In October 2011, patent aggregator Intellectual Ventures, which a long time ago received one of its first investments ever from Google, sued Motorola Mobility over six patents, mostly software patents allegedly infringed by Android. At that time, Motorola Mobility was in the process of being acquired by Google.
The case will finally proceed to a jury trial in a couple of weeks (on January 21, 2014, to be precise), and the Google subsidiary will have to defend itself against five of the six originally-asserted patents. In strategic terms, it appears to me that the two most interesting ones are alleged to read on the Google Play app and content store, making a defeat potentially rather costly to Google.
I must admit that I haven't been following that litigation closely over the years, but an article by LitigationDaily's Jan Wolfe on a January 2 summary judgment opinion by the judge presiding over this litigation in the District of Delaware, Judge Sue L. Robinson, reignited my interest in this case.
Google's carpet-bombing summary judgment motion challenged each and every one of the six patents in suit on two counts: (in)validity and (non-)infringement. Google was hoping to narrow the case ahead of the jury trial and succeeded to only a very limited extent:
U.S. Patent No. 7,810,144 on a "file transfer system for direct transfer between computers":
Judge Robinson agreed that claim 26 is not infringed, but otherwise denied Google's motion with respect to this patent. Claims 10 and 41 (both of which are independent claims) will be put before the jury.
U.S. Patent No. 6,412,953 on an "illumination device and image projection apparatus comprising the device":
Judge Robinson found this patent obvious over a combination of two prior art references, making it irrelevant that she declined to side with Google on non-infringement.
With respect to the other four patents-in-suit, Google's summary judgment motion failed completely. Let's firstly take a look at the two most interesting patents-in-suit, which IV claims are infringed by Google Play:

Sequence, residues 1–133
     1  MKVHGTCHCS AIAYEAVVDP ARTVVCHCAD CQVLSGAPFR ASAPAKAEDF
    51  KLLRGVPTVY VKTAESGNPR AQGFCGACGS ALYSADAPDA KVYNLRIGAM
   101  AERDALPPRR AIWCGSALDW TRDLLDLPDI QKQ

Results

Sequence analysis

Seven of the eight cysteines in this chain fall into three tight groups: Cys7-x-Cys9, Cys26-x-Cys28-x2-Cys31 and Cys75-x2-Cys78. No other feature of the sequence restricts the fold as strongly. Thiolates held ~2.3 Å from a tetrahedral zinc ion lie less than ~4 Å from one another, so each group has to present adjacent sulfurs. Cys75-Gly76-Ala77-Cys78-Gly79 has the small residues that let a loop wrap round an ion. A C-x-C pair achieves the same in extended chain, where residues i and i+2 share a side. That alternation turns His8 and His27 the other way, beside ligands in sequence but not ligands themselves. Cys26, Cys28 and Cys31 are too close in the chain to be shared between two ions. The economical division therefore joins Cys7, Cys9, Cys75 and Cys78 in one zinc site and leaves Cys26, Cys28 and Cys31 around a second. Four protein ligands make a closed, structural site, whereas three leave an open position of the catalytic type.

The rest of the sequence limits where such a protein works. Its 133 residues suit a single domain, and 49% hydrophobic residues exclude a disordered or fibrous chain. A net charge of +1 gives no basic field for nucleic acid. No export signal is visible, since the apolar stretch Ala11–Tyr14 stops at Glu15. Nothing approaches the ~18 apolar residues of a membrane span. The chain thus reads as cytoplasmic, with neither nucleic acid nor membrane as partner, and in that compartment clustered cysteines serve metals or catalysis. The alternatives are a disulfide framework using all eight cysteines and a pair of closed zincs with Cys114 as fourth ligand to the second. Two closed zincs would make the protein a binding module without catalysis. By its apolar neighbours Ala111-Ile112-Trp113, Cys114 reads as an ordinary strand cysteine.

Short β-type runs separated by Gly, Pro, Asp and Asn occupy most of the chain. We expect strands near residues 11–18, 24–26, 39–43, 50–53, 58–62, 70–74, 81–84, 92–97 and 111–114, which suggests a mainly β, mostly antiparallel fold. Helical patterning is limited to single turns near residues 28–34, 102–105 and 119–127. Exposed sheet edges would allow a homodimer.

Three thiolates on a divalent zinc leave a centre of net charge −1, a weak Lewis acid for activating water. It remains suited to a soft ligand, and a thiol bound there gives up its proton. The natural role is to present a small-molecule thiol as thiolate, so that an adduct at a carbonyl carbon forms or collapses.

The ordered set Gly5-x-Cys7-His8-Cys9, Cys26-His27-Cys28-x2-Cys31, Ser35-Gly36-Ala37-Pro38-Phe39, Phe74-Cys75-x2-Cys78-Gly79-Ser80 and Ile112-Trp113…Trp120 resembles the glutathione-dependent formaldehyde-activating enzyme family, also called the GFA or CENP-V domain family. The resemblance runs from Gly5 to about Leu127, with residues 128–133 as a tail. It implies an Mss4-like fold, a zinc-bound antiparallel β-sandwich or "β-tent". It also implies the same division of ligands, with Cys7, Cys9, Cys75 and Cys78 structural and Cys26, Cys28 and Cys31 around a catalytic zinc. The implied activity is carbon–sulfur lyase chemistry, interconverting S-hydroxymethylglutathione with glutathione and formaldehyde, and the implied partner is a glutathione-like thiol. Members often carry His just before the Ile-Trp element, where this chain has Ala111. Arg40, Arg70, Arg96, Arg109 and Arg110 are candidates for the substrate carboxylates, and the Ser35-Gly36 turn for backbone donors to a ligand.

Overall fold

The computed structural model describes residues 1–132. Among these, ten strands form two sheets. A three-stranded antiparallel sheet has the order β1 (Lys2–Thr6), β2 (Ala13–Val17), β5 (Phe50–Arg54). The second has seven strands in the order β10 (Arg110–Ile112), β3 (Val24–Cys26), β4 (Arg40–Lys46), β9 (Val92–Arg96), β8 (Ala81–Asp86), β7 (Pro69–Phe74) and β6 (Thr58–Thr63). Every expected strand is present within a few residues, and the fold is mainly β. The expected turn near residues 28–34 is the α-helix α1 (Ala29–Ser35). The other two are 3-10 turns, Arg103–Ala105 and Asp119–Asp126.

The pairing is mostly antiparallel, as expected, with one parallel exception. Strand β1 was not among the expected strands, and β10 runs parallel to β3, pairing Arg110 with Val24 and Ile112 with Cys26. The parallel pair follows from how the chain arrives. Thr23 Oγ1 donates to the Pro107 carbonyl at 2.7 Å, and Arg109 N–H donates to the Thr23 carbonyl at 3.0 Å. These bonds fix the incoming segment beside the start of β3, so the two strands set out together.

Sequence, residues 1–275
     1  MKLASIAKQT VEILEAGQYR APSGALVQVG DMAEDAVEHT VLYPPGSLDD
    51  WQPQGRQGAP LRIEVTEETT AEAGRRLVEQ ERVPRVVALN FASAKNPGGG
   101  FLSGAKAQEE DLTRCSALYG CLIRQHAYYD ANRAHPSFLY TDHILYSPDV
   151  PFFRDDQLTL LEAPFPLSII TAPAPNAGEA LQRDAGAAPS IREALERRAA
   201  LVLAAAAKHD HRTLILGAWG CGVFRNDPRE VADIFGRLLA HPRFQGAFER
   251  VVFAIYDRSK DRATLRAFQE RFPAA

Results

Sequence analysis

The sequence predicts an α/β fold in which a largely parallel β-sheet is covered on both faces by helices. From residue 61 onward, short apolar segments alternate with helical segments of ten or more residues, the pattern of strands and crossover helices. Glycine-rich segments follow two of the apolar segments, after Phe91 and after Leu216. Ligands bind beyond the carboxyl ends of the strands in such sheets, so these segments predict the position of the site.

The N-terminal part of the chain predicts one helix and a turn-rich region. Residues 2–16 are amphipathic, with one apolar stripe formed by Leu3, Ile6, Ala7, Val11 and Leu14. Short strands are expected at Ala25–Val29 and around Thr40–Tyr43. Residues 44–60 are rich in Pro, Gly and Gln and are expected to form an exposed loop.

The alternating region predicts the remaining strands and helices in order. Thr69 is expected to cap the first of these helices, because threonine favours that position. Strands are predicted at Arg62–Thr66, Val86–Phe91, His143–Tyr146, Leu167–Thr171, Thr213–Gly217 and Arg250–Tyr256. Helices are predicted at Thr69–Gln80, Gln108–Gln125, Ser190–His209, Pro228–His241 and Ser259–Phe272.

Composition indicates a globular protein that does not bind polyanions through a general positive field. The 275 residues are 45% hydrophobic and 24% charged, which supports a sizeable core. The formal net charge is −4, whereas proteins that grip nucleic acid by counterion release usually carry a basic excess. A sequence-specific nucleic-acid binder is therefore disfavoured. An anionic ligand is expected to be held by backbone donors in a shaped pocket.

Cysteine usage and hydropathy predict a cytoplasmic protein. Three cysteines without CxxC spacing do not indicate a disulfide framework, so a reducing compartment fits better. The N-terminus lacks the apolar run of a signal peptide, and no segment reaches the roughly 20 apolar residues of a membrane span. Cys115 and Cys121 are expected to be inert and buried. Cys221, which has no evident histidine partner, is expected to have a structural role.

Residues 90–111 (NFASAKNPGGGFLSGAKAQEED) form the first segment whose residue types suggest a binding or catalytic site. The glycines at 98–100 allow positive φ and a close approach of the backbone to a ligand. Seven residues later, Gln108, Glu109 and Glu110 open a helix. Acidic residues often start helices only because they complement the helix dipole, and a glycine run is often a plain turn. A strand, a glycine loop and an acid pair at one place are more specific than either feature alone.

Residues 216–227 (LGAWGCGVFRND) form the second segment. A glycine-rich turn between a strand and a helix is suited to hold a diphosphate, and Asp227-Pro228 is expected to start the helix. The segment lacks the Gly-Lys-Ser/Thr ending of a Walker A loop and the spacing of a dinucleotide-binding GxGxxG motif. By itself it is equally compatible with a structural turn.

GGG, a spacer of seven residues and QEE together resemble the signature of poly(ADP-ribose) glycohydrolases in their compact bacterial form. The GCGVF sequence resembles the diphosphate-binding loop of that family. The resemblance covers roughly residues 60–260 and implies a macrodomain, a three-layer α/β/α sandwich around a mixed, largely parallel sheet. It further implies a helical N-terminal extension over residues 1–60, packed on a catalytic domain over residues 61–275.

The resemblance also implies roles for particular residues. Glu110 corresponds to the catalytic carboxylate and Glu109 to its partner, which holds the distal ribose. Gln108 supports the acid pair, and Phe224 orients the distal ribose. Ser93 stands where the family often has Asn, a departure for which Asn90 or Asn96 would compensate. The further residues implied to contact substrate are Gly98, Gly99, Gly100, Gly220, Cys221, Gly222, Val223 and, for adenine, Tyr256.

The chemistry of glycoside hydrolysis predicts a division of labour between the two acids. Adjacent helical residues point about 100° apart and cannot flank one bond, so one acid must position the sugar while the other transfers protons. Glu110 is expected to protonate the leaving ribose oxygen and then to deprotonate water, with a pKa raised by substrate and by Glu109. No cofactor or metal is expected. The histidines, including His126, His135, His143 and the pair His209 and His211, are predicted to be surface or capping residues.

U.S. Patent No. 6,557,054 on a "method and system for distributing updates by presenting directory of software available for user installation that is not already installed on user station":
"IV contends that Motorola indirectly infringes the asserted claims of the '054 patent by providing smartphones on which the Google Play store application is installed, thereby inducing or contributing to the performance of the claimed methods when users of those smartphones use Google Play to download or update software applications." (quoted from the summary judgment opinion)
U.S. Patent No. 6,658,464 on a "user station software that controls transport, storage, and presentation of content from a remote source":
"IV has accused Motorola of infringing claims 1-8, 16-17, 19-27, 35-36, and 38 of the '464 patent because Motorola sells handsets on which Google Play is installed." (quoted from the summary judgment opinion)
The '054 and '464 patents are too old to be relevant from the perspective of injunctive relief, but IV can seek damages. Should IV prevail over MMI on one or both of these Google Play-related patents, it could also sue Google for damages (unless there's a license agreement in place, which I doubt). Such a follow-on lawsuit could become costly since it's always easier to make a damages argument to a judge and a jury when a patented invention is directly relevant to revenue generation.
For the sake of a complete record, these are the remaining patents-in-suit for the January 21 trial:
U.S. Patent No. 7,409,450 on a "transmission control protocol/internet protocol (TCP/IP) packet-centric wireless point to multi-point (PtMP) transmission system architecture"
U.S. Patent No. 7,120,462 on a "portable computing, communication and entertainment device with central processor carried in a detachable handset"
Last year Intellectual Ventures filed a second patent infringement suit against Google's Motorola Mobility. Unlike the first one, it was brought in the Southern District of Florida. It involves former Nokia patents, with respect to some of which Google raised its first FRAND defense ever.
As for Google Play, this month's Delaware trial won't be the first and won't be the last one where Google's Android app and content store is at issue. Last year the Mannheim Regional Court dismissed a couple of German Nokia v. HTC lawsuits over Google Play (presumably on appeal). Shortly thereafter, Nokia again attacked Google Play: in its second ITC complaint against HTC, triggering an intervention by Google. Last month I found out that Nokia and Motorola Mobility also have some patent licensing issues to sort out, which almost certainly involve Google Play as well.
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